Already have an account?
Get back to the

Cure Your ‘Manic Monday’ and Take a Listen to These Songs by The Bangles

If you’ve forgotten any of these classics by The Bangles, you might want to start listening again!

The perfect cure to your manic moment might just be listening to “Manic Monday.” So many of the Bangles songs are just what you need to turn your day around or get you through a long week.

Formed in 1981, the band consists of Susanna Hoffs, Vicki Peterson, Debbi Peterson and eventually Michael Steele. This girl group ruled the 1980s with their massive hits and earned their status as one of the greatest female bands of all time.

The band rose to mainstream success after the Bangles songs, among them “Walk Like an Egyptian,” were released. If you recognize any of these classics, you might want to listen to all our favorite tunes by the group below.

1. “Eternal Flame” (1988)

Susanna Hoffs teamed up with pop songwriter Billy Steinberg to pen this hit. Although it was one of the last of the Bangles songs to be released during their career, it was also a number one hit upon its release. This song also made the Bangles the third female group to top the Billboard Hot 100 chart, coming in behind the Shirelles and the Supremes.

The song was written after Hoffs shared with Steinberg that she and the other Bangles visited Graceland. “She said there was some type of shrine to Elvis that included some kind of eternal flame,” he said.

2. “Walk Like an Egyptian” (1986): The Bangles songs

The wildly popular single ended up selling millions and it became Billboard’s number one song of 1987. But despite its success, it was also the one to cause major tension within the group. While the song was supposed to be sung by Debbi Peterson, it ended up being recorded in three parts by the other members of the band, leaving Peterson out. She also didn’t get to play the drums on the track, as drum machines were the cool sound of the time.

3. “Manic Monday” (1986)

Surprisingly, this hit was written by Prince, who offered the group two songs to choose from to record. He became a fan of the group after hearing their “Hero Takes a Fall,” and thus gave them that opportunity. Debbi Peterson shared in a 1989 MTV interview, “He contacted us, and said, ‘I’ve got a couple of songs for you. I’d like to know if you’re interested,’ and of course, we were. One of the songs Prince brought to the group was ‘Manic Monday’, written under the pseudonym of Christopher.”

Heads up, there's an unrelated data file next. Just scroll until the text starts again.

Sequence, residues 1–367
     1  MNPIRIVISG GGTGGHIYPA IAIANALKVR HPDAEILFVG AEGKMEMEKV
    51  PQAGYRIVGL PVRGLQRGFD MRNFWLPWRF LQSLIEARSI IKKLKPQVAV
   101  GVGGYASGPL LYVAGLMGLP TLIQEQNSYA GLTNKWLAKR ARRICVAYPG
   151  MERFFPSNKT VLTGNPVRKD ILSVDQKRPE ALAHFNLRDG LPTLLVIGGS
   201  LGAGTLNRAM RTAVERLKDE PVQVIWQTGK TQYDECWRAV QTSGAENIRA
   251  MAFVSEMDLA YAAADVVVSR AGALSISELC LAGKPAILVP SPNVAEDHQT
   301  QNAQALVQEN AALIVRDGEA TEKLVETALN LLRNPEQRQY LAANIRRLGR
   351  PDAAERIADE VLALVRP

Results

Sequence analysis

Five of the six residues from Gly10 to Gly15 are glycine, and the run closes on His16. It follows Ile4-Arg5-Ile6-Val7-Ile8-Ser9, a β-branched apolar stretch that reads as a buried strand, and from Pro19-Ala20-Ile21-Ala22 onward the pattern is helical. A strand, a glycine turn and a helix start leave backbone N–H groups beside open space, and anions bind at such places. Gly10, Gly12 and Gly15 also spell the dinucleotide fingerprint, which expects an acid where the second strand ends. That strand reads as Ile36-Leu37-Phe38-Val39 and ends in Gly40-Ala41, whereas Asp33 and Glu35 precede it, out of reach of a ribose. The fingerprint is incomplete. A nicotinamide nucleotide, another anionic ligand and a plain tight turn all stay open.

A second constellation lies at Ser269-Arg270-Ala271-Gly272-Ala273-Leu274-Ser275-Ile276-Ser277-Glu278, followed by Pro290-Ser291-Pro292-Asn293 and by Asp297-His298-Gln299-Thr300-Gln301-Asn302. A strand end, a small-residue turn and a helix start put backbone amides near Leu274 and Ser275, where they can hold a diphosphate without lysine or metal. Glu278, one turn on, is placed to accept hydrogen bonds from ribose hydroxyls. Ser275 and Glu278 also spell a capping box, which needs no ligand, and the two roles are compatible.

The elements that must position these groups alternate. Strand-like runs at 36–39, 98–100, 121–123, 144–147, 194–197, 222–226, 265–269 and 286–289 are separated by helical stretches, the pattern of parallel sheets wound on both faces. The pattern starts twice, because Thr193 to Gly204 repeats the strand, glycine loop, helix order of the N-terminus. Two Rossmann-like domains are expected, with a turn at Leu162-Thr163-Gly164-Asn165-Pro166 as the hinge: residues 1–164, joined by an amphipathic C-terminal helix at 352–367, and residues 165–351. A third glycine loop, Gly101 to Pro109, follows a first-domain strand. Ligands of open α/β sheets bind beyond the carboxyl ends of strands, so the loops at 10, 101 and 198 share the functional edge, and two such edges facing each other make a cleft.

The Bangles released “Manic Monday” on their sophomore album, Different Light. “Manic Monday” became an international hit, rising to number two in the US, UK, Germany and Austria. Prince’s version of this song was released in 2019 as part of a compilation album, which was full of songs he wrote but other artists recorded.

4. “Hazy Shade of Winter” (1987): The Bangles songs

“Hazy Shade of Winter” is yet another one of the Bangles songs that wasn’t written by the group. But their version nonetheless made some waves, rising to number two on the Billboard Hot 100. The song was originally written by Paul Simon, then recorded and released by Simon & Garfunkel in 1966.

The Bangles were recruited to record the song in 1987 for the film Less Than Zero, which starred Robert Downey Jr., Andrew McCarthy and James Spader. The girl group, however, switched out the acoustic guitars for electric ones, opting for more of a hard rock style song.

5. “In Your Room” (1988)

“In Your Room” was co-written by Susanna Hoffs, Billy Steinberg and Tom Kelly in 1988. The writers drew from Hoffs’ love for 1960s rock bands, pulling in new and old musical styles. “[The Bangles] liked everything from Petula Clark to The Beatles and all the Sixties music they loved,” Steinberg shared. “So when we got together to write with Susanna, it was right up our alley because, of course, Tom and I grew up in the Sixties, and that was what we loved.”

Use left and right arrow keys to navigate between menu items. Use right arrow key to move into submenus. Use escape to exit the menu. Use up and down arrow keys to explore. Use left arrow key to move back to the parent list.